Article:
Growing up, my father -- now retired from the Los Angeles County Sheriff's Department after 35 years of service -- frequently took me shooting and to just about every gun show within a 100-mile radius of our Southern California home.
I may be a progressive but I have absolutely no problem with private gun ownership.
If we are to learn anything from the horrible tragedy in Arizona that claimed the lives of six including a nine year-old girl and federal judge and injured 14 including Congresswoman Gabrielle Giffords (D-AZ) it should be that law abiding, mentally stable Americans should be allowed to own firearms while people like Jared Lee Loughner should not.
We now know that Loughner legally purchased the Glock 19 used during his assassination attempt. Legal too was the once-banned 33 round magazine that allowed him to kill and injure so many before being tackled while attempting to reload.
In the aftermath of Arizona, we should be addressing the issue of gun ownership if we are to prevent something like this from happening again.
Some Second Amendment advocates contend that outlawing guns will mean that only outlaws will have guns because criminals do not bother to purchase firearms through legal channels.
Talk about red herring.
Yes, with enough effort, criminals and the mentally ill will always be able to find guns through questionable means but that does not mean we should make it any easier for them to make these purchases legally.
Such a response to gun violence would be accurate only if there was actually a serious push in Congress to amend the Constitution or pass a law banning gun ownership outright. There is not.
The issue here is not about whether Americans should be allowed to own firearms or what types of guns they should be allowed to own, it is a question of the small number of Americans that should be restricted from owning guns.
For the better part of a decade, Democrats largely abandoned their long-standing support for gun control in an effort to win House and Senate races. Even more moderate approaches to the issue like strengthening background checks and closing the gun show loophole have fallen off the political radar.
Meanwhile, over in the GOP -- long ago bought and paid for by the gun lobby -- I'm guessing it is more likely that Republicans would seek the repeal of today's stripped down gun control laws rather than suggest sensible new ones.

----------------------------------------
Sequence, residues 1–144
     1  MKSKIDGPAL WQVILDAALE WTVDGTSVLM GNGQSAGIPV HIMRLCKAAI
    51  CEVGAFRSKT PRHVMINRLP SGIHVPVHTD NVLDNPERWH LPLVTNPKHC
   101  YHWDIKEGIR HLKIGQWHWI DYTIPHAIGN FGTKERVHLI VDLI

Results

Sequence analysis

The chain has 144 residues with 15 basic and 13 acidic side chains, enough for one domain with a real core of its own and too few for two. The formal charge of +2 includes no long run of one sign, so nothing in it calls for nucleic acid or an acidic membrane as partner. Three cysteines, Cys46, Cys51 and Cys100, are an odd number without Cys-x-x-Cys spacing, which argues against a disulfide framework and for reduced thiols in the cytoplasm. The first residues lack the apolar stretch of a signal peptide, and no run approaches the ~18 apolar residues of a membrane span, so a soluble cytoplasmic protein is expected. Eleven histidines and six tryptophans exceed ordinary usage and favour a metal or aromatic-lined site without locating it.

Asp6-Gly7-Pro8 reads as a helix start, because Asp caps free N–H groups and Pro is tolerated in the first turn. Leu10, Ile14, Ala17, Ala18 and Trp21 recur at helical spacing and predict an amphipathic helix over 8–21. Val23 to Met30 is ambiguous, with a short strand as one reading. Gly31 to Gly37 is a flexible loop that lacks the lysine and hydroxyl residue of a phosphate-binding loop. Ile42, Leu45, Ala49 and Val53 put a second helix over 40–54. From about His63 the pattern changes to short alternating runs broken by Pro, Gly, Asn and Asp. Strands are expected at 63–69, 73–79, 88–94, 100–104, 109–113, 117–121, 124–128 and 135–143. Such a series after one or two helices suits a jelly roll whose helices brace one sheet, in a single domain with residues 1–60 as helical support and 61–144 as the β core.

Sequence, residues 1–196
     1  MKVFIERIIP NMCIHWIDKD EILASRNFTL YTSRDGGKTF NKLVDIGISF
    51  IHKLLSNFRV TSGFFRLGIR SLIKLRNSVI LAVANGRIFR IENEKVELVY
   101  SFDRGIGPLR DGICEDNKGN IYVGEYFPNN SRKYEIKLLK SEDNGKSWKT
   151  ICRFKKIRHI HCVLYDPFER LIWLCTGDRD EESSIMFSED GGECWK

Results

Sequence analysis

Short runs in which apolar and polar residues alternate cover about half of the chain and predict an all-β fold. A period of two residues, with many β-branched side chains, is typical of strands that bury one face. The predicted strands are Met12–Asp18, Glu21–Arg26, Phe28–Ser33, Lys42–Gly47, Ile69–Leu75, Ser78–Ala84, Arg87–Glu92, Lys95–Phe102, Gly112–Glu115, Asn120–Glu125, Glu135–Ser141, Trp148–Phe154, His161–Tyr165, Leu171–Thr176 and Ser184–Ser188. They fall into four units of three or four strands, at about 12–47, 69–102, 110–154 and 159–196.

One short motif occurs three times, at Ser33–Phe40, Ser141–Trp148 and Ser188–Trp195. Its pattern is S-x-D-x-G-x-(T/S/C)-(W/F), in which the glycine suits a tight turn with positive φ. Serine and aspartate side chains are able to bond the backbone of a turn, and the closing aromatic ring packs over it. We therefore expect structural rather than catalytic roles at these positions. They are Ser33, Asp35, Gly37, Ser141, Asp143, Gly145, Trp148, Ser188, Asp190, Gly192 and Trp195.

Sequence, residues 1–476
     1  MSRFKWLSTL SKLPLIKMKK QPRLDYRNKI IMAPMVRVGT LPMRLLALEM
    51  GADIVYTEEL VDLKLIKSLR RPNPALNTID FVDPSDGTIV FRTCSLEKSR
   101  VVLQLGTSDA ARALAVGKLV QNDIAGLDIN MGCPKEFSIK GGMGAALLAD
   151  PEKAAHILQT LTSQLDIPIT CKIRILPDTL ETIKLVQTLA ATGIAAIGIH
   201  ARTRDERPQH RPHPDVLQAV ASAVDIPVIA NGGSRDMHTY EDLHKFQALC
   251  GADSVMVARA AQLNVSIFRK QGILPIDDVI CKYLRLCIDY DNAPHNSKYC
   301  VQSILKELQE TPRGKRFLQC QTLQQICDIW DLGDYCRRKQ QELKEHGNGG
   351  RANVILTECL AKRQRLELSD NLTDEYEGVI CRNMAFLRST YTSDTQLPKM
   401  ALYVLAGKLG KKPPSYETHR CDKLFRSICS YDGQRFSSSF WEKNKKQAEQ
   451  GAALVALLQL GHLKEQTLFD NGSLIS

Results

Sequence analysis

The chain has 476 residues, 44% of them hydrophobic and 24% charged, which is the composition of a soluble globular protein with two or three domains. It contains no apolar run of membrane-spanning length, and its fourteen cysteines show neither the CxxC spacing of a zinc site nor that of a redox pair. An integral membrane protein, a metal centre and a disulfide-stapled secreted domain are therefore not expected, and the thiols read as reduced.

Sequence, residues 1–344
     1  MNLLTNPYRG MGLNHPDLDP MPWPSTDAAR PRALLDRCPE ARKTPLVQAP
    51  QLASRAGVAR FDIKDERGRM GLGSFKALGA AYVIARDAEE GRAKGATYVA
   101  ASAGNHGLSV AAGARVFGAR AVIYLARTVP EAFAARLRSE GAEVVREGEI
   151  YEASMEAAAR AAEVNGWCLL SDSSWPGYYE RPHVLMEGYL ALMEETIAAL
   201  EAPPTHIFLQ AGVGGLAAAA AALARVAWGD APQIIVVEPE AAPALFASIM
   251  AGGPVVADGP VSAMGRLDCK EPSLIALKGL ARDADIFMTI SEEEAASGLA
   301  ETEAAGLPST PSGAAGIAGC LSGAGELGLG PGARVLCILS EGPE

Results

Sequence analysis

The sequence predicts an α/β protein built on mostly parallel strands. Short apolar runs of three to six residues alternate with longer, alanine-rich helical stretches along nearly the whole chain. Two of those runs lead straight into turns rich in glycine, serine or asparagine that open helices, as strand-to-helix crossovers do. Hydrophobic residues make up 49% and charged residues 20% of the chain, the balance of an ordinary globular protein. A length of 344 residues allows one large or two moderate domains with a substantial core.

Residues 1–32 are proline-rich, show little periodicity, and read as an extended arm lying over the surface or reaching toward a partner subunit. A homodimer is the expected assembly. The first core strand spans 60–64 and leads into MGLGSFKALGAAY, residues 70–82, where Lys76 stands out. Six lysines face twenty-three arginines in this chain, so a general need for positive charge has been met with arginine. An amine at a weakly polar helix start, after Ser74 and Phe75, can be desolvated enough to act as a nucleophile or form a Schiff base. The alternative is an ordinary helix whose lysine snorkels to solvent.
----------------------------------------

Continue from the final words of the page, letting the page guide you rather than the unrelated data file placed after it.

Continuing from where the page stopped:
Even so, members of the House of Representatives and Senate from both parties are now drafting gun control legislation to address issues raised by the shooting in Tucson.
Democrats like Rep. Carolyn McCarthy (D-NY) and Sen. Frank Lautenberg (D-NJ) announced new gun control legislation following the shooting that would limit the size of ammunition magazines. Rep. Peter King (R-NY) has announced plans for legislation that would outlaw firearms within 1,000 feet of lawmakers.
Well meaning to be sure, the real issue is gun ownership by those who have no business possessing a gun in the first place.
I do not pretend to have all of the answers. But this is America -- land of freedom, liberty, and innovation. Surely we can design a system that keeps the mentally deranged, those on no-fly lists, violent ex-cons, and those who have used guns in the commission of a crime from being allowed to legally purchase firearms and munitions without infringing on the rights of other Americans.
Those in Congress who would stand in the way of such sensible reforms should quit hiding behind hollow Second Amendment rhetoric designed to stall change and admit that they are really fighting for the rights of lunatics like Loughner by neglecting to take action.
The Second Amendment reads, "A well regulated Militia, being necessary to the security of a free State, the right of the people to keep and bear Arms, shall not be infringed." I for one would prefer it if such a "well regulated militia" did not count violent criminals and the mentally disturbed among its membership.
Karl Frisch is a syndicated columnist and progressive political communications consultant. He can be reached at KarlFrisch.com. You can also follow him on Twitter, Facebook and YouTube or sign-up to receive his columns by email.
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